Since the vast majority of work examining links between multidrug tolerance and TA gene modules has been done with stationary-phase planktonic cells, we postulated that antibiotic susceptibility testing with biofilms might yield a phenotype missed by commonly used broth microdilution assays. In the study described in this report, we have found that a single, in-frame, markerless deletion of yafQ results in decreased bacterial survival after the exposure of E. coli biofilms but not stationary-phase planktonic cells to specific bactericidal antibiotics. Moreover, we show that the controlled overexpression of yafQ can induce a multidrug-tolerant state for the cells in a biofilm.

MATERIALS AND METHODS

Strains and growth media.

The E. coli strains and plasmids used in this study were obtained from the publically available Keio and ASKA Collections (1) (Table (Table1).1). All strains were stored at −70°C in Luria-Bertani (LB) broth with 8% dimethyl sulfoxide and were routinely cultured on LB plates that contained 1.5% (wt/vol) agar (EMD Chemicals Inc.). The agar plates were incubated at 37°C for up to 24 h. All serial dilutions were carried out with 0.9% NaCl.

TABLE 1.
Escherichia coli strains and plasmids used in this study

Antibiotics.

All antibiotics were purchased from Sigma Chemical Company (St. Louis, MO). Stock solutions of cefazolin, doxycycline, and tobramycin were made up in double-distilled water at a concentration of 5,120 μg ml−1. Rifampin (rifampicin) was dissolved in 50% methanol. All stock solutions were split into 0.5-ml aliquots and were stored at −70°C until used.

Biofilm cultivation.

Biofilms were grown in a Calgary biofilm device (commercially available as the MBEC physiology and genetics assay [Innovotech Inc., Edmonton, AB, Canada]), as originally described by Ceri et al. (7). The Calgary biofilm device consists of a polystyrene lid with 96 pegs that can be fit into a standard 96-well microtiter plate. Starting with cryogenic stocks, the desired bacterial strain was streaked out twice on LB agar, and an inoculum was prepared by suspending colonies from the second agar subculture in 0.9% NaCl to match a 1.0 McFarland standard. This standard inoculum was diluted 30-fold in growth medium to get a starting viable cell count of roughly 1.0 × 107 CFU/ml. A total of 150 μl of this inoculum was transferred into each well of a 96-well microtiter plate, and the sterile peg lid of the Calgary biofilm device was inserted into this plate. The inoculated device was then placed on a gyratory shaker at 125 rpm and incubated for 24 h at 37°C and 95% relative humidity.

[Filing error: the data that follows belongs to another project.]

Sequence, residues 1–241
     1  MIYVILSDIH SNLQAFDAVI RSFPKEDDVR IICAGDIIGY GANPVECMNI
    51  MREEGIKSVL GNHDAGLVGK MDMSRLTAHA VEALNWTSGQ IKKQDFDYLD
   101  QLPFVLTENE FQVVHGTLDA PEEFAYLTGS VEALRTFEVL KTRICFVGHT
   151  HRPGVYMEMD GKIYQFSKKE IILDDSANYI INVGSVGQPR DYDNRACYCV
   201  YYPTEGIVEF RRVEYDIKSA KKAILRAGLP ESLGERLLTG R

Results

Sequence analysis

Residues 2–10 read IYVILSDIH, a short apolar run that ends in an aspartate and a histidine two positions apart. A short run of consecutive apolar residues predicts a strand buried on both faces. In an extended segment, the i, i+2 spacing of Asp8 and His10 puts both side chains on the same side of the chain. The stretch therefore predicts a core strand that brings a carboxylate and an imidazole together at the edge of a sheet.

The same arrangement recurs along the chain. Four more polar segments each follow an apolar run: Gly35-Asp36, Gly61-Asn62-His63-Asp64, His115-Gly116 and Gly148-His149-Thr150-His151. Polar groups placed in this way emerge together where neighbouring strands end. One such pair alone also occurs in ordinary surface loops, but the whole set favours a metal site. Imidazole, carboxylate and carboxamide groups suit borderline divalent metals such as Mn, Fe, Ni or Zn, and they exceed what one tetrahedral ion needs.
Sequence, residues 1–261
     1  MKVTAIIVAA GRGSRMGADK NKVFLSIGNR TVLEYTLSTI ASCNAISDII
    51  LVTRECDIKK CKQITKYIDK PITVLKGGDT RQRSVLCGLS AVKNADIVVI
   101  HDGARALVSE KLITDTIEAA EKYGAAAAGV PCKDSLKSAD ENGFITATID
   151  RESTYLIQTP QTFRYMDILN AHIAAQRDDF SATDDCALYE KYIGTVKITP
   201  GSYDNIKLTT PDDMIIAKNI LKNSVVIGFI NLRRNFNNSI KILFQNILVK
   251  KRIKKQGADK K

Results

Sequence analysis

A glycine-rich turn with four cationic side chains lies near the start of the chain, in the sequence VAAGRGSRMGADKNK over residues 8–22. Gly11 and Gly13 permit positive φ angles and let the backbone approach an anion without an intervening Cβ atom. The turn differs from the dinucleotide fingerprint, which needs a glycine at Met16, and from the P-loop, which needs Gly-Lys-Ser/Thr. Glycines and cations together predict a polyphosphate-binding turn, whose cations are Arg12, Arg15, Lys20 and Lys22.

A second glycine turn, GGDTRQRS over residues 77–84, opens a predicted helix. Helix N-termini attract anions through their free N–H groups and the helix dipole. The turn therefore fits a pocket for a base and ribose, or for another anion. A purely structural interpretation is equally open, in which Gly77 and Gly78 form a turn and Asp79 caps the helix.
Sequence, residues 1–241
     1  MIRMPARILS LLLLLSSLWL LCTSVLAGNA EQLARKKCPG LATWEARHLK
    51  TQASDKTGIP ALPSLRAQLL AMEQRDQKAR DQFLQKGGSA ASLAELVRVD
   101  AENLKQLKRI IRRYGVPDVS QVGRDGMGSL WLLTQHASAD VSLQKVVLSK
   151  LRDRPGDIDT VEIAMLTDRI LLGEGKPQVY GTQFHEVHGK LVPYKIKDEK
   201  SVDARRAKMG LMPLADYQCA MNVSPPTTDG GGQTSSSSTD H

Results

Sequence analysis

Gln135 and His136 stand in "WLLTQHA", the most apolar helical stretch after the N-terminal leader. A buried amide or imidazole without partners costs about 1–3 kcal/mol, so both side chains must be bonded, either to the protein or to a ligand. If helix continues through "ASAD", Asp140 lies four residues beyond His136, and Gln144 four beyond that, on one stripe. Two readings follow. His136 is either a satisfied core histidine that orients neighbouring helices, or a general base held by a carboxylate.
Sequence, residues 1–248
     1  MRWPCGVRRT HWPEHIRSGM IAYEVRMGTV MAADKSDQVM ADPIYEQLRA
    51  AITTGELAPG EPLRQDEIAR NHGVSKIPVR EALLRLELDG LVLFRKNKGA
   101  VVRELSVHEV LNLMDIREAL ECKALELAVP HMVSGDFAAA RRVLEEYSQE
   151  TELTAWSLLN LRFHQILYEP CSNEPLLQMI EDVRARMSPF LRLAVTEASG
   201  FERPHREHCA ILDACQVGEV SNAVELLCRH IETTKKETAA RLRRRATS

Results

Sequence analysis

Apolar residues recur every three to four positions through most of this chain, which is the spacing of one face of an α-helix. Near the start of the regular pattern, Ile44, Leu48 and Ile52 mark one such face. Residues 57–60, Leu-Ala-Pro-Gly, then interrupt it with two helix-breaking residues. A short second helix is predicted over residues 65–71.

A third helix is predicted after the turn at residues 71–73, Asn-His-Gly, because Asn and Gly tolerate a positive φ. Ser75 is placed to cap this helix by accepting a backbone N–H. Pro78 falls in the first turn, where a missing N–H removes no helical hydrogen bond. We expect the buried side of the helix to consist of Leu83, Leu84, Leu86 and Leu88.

Following this initial period of incubation, the biofilms were rinsed once with 0.9% saline (by placing the lid in a microtiter plate containing 200 μl of 0.9% NaCl in each well) to remove loosely adherent planktonic cells. Biofilm formation was evaluated by breaking off four pegs from each device after it had been rinsed. The biofilms from these pegs were disrupted in 200 μl of 0.9% NaCl by using an ultrasonic cleaner on the high setting for 5 min (Aquasonic model 250 HT; VWR Scientific, Mississauga, ON, Canada), as described previously (7). The disrupted biofilms were serially diluted and plated onto agar for counting of the viable cells. Biofilms cultivated in this fashion were then used for susceptibility testing (see below).

It was additionally ascertained that the strains used in this study formed equivalent biofilms on the pegs of the Calgary biofilm device. To ascertain this, we repeated the cultivation protocol and then disrupted all of the biofilms from the lid of the Calgary biofilm device in a microtiter plate containing 200 μl of 0.9% NaCl in each well. Of these biofilms, cells recovered from 48 biofilms in one half of the device (pegs 1 to 6 from rows A to H) were then serially diluted and plated onto LB agar for counting of the viable cells. These agar plates were incubated for 24 h at 37°C, and then the colonies were enumerated. The viable cell counts were grouped by row of the Calgary biofilm device, and these values were compared by one-way analysis of variance (ANOVA).

Biofilm susceptibility testing.